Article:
A free e-book from Tom Wheeler briefly details the 600-year-long story of the communications revolution and efforts by authorities to steer it for the 'public good.
There is a moment in the classic 1976 movie "Network" that has unfortunately been lost amid the four decades of people going to their windows and yelling about how mad they are and how they're not going to take it anymore.
"There is only one holistic system of systems, one vast and immane, interwoven, interacting, multivariate, multinational dominion of dollars," Ned Beatty tells Peter Finch.
One wonders what Ned would think of the Internet.
The "vast, interwoven, interacting" system we use today is the subject of a free e-book: "Net Effects: The Past, Present and Future Impact of Our Networks -- History, Challenges and Opportunities," by Federal Communications Commission Chairman Tom Wheeler. It is not quite a history of networks. At only 30 or so pages, it lacks the length for that. But it is a fair analysis of how networks through the ages have revolutionized society.
To achieve that in such a small space, Wheeler tells two stories: a brief history of networks and a brief history of the regulation of networks -- or how those in authority reacted to the revolutions.
He is on firm ground in the first half, where he traces four epochal inventions: the printing press, the railroad, the telegraph and the Internet.
The second half, where he dives into regulatory history, reads more like prepared testimony to be delivered at an Energy and Commerce Committee hearing: not uninteresting, but bureaucratic compared with the narrative that precedes it.
Wheeler views each of his four examples as a "hinge moment when the definitive activity of how we connect is being redesigned," and he hits the nail on the head with his choices. Printing turned the world upside down by diffusing knowledge and helping to topple centuries-old hierarchies. The railroad conquered the "tyranny of place" and gave the masses freedom of movement. The telegraph -- arguably the most revolutionary of all -- conquered not just place but time.
Richard John, a Columbia University professor and historian of communication, used Samuel F.B. Morse's 1844 invention of the telegraph as the dividing line in his history of the early postal service in "Spreading the News: The American Postal System from Franklin to Morse." Morse's telegraph was revolutionary in a way that no network before or since has been, a change in kind more than degree that allowed people to do something utterly new: interact with other people in real time in a different physical space.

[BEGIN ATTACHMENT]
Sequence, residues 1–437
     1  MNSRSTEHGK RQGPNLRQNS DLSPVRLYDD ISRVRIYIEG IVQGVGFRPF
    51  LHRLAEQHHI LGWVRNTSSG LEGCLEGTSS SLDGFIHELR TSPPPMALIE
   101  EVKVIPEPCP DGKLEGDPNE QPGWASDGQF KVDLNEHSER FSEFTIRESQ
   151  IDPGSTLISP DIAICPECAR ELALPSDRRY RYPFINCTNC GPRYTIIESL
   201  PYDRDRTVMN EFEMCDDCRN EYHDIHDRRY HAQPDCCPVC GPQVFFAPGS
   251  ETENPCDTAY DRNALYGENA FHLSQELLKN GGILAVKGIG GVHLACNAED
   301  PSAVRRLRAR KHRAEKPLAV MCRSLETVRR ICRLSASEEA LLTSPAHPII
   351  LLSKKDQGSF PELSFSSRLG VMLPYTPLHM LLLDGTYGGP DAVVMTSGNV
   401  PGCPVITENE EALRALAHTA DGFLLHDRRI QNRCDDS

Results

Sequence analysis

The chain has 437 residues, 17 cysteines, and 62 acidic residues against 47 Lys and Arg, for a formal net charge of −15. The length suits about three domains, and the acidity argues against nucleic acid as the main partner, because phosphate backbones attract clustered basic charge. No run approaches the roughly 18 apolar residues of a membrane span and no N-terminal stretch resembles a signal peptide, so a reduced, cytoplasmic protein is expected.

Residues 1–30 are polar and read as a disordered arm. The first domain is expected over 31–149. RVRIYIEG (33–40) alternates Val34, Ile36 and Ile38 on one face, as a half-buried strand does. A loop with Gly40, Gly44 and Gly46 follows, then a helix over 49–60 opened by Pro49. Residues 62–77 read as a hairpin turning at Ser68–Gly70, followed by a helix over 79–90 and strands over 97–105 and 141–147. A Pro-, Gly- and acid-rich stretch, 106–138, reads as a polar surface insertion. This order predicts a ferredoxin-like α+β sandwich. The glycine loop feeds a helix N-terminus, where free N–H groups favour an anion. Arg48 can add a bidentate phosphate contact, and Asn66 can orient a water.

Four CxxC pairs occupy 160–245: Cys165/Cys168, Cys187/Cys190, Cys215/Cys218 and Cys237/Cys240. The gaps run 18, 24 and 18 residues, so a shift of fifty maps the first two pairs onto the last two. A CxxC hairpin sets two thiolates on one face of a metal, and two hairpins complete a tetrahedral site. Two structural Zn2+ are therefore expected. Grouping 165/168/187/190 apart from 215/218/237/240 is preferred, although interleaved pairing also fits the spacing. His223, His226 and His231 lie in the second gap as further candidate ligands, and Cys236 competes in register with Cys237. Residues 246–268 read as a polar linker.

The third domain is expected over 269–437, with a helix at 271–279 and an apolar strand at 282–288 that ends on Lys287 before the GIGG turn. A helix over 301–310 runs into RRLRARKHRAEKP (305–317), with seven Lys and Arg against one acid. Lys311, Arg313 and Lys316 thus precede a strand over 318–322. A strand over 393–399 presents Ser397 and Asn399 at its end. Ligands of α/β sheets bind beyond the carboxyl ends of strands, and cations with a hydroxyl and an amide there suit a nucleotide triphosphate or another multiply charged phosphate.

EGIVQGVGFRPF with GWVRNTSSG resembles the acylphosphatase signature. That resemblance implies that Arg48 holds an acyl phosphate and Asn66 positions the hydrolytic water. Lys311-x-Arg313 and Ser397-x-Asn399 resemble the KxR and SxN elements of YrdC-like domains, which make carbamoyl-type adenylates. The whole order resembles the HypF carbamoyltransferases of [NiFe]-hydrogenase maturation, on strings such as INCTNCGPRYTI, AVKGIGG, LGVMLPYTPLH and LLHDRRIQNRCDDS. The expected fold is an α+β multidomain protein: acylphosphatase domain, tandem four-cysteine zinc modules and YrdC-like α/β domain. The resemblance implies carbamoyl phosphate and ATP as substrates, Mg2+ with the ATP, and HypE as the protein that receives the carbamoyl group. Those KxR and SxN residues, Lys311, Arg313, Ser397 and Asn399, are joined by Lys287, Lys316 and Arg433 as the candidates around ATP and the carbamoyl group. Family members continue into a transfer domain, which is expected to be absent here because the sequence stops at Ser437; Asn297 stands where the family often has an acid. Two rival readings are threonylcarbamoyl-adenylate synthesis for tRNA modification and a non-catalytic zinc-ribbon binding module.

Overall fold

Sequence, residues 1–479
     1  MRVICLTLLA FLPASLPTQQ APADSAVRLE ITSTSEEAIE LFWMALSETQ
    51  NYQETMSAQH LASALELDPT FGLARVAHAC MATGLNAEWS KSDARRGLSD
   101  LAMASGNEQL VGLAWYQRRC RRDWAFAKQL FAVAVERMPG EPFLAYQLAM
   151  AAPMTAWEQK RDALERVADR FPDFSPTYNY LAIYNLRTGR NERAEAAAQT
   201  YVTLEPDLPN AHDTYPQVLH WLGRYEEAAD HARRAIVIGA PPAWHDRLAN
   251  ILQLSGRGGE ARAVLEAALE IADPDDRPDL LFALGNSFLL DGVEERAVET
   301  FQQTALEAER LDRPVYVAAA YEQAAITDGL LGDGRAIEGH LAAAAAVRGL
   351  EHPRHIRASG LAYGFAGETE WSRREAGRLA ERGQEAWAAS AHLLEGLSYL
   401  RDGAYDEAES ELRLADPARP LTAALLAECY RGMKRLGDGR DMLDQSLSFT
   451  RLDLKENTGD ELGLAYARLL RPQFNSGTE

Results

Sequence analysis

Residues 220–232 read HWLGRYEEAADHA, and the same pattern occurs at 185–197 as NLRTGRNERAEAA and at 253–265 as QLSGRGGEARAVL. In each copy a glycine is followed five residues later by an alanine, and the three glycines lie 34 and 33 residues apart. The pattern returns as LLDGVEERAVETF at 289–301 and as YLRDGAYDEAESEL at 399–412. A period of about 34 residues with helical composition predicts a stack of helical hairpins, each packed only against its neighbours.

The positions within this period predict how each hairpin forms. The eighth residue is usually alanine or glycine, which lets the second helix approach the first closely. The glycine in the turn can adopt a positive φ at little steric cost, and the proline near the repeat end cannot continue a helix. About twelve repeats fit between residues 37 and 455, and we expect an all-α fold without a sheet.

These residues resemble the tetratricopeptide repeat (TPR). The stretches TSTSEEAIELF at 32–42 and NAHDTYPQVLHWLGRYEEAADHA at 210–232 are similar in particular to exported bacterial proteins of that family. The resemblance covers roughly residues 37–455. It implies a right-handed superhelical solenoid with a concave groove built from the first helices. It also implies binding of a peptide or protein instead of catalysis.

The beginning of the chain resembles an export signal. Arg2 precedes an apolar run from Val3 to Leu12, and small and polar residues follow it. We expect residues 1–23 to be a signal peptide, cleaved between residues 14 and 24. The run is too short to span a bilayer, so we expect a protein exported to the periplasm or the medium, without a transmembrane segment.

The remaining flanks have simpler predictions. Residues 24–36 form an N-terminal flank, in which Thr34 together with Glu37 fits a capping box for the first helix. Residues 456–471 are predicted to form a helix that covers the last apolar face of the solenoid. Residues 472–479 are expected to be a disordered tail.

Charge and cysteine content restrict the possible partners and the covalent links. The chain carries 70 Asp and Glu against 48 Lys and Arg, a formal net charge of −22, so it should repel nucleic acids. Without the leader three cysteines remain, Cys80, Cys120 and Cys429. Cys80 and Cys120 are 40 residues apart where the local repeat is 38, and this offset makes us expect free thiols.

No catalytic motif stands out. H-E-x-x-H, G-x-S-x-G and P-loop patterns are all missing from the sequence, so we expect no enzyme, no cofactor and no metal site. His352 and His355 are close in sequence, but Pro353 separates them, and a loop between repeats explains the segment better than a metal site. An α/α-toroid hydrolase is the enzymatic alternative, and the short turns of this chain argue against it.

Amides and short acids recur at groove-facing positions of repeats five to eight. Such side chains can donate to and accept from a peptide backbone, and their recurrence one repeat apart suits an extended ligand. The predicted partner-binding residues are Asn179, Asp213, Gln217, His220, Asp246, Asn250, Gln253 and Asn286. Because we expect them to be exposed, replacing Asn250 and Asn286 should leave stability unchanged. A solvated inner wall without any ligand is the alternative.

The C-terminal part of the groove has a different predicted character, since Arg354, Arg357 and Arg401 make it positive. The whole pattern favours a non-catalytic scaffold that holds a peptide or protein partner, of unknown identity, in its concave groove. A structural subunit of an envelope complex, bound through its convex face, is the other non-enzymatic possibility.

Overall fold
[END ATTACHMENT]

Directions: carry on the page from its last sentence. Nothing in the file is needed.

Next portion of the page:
Time, "which had always been a buffer to dull the sharp impact of change, became a casualty of the electronic network," Wheeler writes.
Everything that followed in the telegraph's wake -- the telephone, the radio, TV, the Internet -- could be considered, as Rabbi Hillel might say, mere commentary.
What separates the modern network revolution -- the Internet -- from its precursors is money. Movable type, the railroad and the telegraph were spurs to economic activity and enabled the growth of prosperity. In contrast, Wheeler asserts, the new networks are the economy.
And that, he writes, "places even greater importance" on the federal role.
Certainly, the federal government was heavily involved in developing railroad networks with subsidies and land grants. The birth of the modern regulatory state can be traced to the creation of the Interstate Commerce Commission in 1887. Morse was given tens of thousands of dollars by Congress to develop the telegraph, and he hoped that Washington would take ownership of the system (and hire him to run it).
Wheeler extolls the virtues of modern networks, citing in detail how they can be used in education and health care to make life better for all. He pays scant attention to phenomena such as Face-book and cat photos, however, and only gingerly approaches proposals for federal oversight of the Web without crossing any dark lines into "regulation of the Internet."
Wheeler is at his most expansive, though, when pondering the future.
Railroads and earlier networks helped define how we lived, where we lived and what kind of society we became. The same will be true of modern and future networks.
Old networks, while conquering space, centralized us. We gathered in one place to watch television or catch the train. Modern networks, Wheeler writes, "have turned the tyranny of place inside-out." Information now comes to us anywhere rather than us being tied to wired devices plugged into a wall.
The maps of modern cities, Wheeler writes, are "a network effect." Those maps are going to change over time because of the decentralizing nature of modern networks.
He also notes that networks change the political as well as the physical landscape.
Networks, while providing economic opportunity, also cause "economic dislocation." That provides another avenue for government to intervene.
It also annoys the masses, or at least some of them.
The old order always fights the new, even as it embraces the new technology to spread its message about how the new technology is evil. The year the telegraph was invented, an apocalyptic sect known as the Millerites predicted the world was going to end -- and used every modern technology available to get their message out.
That's how markets work.
And when markets fail? "The FCC has the responsibility to provide redress," Wheeler concludes.
Just keep your mitts off the cat photos. Otherwise, we might get mad as hell and not take it anymore.
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